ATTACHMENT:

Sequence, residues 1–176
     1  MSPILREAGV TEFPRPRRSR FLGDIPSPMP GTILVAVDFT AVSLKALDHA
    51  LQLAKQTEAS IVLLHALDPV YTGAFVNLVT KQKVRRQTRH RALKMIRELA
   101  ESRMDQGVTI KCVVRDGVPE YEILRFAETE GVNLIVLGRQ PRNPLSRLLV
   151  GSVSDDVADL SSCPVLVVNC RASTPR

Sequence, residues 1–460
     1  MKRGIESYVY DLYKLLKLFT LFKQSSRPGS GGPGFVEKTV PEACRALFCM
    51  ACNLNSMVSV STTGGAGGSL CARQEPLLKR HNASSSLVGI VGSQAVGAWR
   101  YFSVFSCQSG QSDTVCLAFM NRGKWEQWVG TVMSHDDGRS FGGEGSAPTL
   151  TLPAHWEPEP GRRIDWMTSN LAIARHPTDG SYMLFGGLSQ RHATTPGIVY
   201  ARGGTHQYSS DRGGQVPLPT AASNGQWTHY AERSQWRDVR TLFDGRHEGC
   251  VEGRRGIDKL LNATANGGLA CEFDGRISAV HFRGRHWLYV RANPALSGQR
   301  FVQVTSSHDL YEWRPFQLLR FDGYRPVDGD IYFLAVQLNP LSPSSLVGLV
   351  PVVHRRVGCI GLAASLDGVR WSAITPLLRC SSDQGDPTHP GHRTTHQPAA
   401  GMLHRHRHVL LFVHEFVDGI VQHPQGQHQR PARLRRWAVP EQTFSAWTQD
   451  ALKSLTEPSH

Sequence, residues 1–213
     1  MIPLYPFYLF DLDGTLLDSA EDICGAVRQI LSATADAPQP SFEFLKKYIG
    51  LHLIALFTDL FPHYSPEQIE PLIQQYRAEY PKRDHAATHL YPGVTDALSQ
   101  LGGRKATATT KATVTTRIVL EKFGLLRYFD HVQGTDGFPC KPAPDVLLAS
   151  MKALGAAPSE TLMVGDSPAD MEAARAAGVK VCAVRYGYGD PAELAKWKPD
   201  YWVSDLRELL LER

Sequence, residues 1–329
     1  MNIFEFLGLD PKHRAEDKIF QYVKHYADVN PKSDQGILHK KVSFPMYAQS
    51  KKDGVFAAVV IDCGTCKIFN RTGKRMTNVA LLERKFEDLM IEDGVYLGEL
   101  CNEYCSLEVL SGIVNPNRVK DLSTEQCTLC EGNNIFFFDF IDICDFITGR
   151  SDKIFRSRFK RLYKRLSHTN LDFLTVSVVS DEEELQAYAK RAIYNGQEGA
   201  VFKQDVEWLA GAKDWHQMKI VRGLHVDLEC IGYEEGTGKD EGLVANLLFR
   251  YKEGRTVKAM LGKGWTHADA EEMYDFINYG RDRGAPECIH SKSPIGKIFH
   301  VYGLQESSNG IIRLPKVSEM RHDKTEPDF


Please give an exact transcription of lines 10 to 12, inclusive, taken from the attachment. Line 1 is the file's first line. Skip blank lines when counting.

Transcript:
   151  TLPAHWEPEP GRRIDWMTSN LAIARHPTDG SYMLFGGLSQ RHATTPGIVY
   201  ARGGTHQYSS DRGGQVPLPT AASNGQWTHY AERSQWRDVR TLFDGRHEGC
   251  VEGRRGIDKL LNATANGGLA CEFDGRISAV HFRGRHWLYV RANPALSGQR